Following years of pressure from campaign groups, abuse survivors and a landmark ruling from the court of appeal in 2018 the Ministry of Justice have finally laid down a statutory instrument that will abolish the controversial paragraph 19 of the Criminal Injuries compensation scheme which has become known as the same roof rule.

When the Criminal Injuries Compensation Scheme was established in 1964 the reasoning behind the rule was to ensure there would not be a situation where the assailant could benefit from compensation that was awarded to a victim. When the scheme was reviewed in 1979 it was amended and specifically stated that that no compensation would be paid in relation to any crime of violence that occurred before 1 October 1979 ‘if, at the time of the incident giving rise to that injury, the applicant and the assailant were living together as members of the same family’.

The unfairness of this rule was highlighted by the case of JT v First-Tier Tribunal [2018] EWCA Civ 1735. The Claimant was the victim of sexual abuse by her stepfather during childhood when they lived in the same household. Because the abuse occurred before 1979 she was not entitled to receive an award, yet another relative who had been sexually abused by the stepfather was entitled to an award because she was not living in the same household as her abuser at the time.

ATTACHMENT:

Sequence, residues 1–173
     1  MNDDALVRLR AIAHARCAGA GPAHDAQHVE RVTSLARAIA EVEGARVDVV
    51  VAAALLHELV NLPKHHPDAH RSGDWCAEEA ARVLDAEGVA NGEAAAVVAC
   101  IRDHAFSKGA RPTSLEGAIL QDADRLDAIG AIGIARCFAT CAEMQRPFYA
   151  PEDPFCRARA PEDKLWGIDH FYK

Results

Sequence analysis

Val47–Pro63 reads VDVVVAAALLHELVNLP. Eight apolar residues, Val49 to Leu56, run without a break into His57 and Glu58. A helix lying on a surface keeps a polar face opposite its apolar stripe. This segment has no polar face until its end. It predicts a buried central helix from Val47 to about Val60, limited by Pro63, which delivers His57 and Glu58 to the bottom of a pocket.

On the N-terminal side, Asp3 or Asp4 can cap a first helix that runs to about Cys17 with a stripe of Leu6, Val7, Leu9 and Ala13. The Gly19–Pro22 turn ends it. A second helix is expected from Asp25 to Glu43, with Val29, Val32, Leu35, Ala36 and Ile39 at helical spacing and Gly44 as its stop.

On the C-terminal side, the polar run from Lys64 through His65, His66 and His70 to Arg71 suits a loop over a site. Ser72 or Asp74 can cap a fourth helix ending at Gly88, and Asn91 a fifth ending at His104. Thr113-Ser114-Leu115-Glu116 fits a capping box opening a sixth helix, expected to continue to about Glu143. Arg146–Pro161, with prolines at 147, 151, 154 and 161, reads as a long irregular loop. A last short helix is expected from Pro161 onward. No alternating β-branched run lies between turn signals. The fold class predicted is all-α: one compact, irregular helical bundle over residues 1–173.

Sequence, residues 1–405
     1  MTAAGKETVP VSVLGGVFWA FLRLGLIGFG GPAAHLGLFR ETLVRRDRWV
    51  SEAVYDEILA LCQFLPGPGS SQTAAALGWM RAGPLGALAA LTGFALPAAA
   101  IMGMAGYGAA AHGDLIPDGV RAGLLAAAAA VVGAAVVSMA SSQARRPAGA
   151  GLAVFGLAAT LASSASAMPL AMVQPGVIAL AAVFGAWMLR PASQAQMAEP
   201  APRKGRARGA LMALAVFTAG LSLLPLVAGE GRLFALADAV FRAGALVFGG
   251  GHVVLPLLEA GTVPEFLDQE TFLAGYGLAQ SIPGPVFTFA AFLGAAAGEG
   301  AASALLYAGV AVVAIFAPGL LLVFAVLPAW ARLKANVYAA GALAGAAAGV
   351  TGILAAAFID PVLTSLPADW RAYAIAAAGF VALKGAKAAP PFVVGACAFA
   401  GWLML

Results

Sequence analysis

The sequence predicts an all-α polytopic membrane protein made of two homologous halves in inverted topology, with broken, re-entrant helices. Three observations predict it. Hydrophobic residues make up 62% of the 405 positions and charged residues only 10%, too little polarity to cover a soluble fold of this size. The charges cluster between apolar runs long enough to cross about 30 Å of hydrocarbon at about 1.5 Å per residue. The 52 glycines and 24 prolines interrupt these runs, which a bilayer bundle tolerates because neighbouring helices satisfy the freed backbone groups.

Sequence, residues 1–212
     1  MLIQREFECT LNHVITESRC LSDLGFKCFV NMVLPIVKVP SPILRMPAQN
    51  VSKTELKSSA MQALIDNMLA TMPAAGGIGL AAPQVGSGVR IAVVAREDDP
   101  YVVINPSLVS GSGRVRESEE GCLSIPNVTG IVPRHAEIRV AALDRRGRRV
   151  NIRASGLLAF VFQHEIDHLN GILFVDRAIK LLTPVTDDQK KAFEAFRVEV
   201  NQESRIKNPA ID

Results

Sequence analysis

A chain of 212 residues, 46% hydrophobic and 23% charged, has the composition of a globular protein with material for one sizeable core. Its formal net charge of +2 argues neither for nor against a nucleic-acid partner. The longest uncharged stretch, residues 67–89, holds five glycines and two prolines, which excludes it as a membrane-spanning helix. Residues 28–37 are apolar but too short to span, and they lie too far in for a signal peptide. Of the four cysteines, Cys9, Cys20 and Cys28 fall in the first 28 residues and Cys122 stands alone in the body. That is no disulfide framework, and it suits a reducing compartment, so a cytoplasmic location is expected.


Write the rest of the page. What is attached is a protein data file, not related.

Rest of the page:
In 2018 the Court of Appeal upheld JT’s complaint that this difference in treatment was in violation of Article 14 of the European Convention for the Protection of Human Rights and Fundamental Freedoms as incorporated into UK law by the Human Rights Act and was therefore unlawful due to its discriminatory nature.

The same roof rule has often been a barrier preventing survivors of sexual abuse within a family home from receiving compensation through the scheme.

It is anticipated that the statutory instrument will go through Parliament unopposed and will mean previous applicants who were refused an award can reapply for compensation.


At Jordans we represent victims of abuse. If you have been a victim of abuse and would like to speak to one of our specialist abuse lawyers in confidence, please do not hesitate to contact us. We can advise you on the available options for pursuing a civil damages claim. Jordans successfully represent and secure compensation for numerous victims of abuse and are experts in overcoming the particular challenges that arise in these sensitive cases. Our abuse team can be contacted free on 0800 9555 094.

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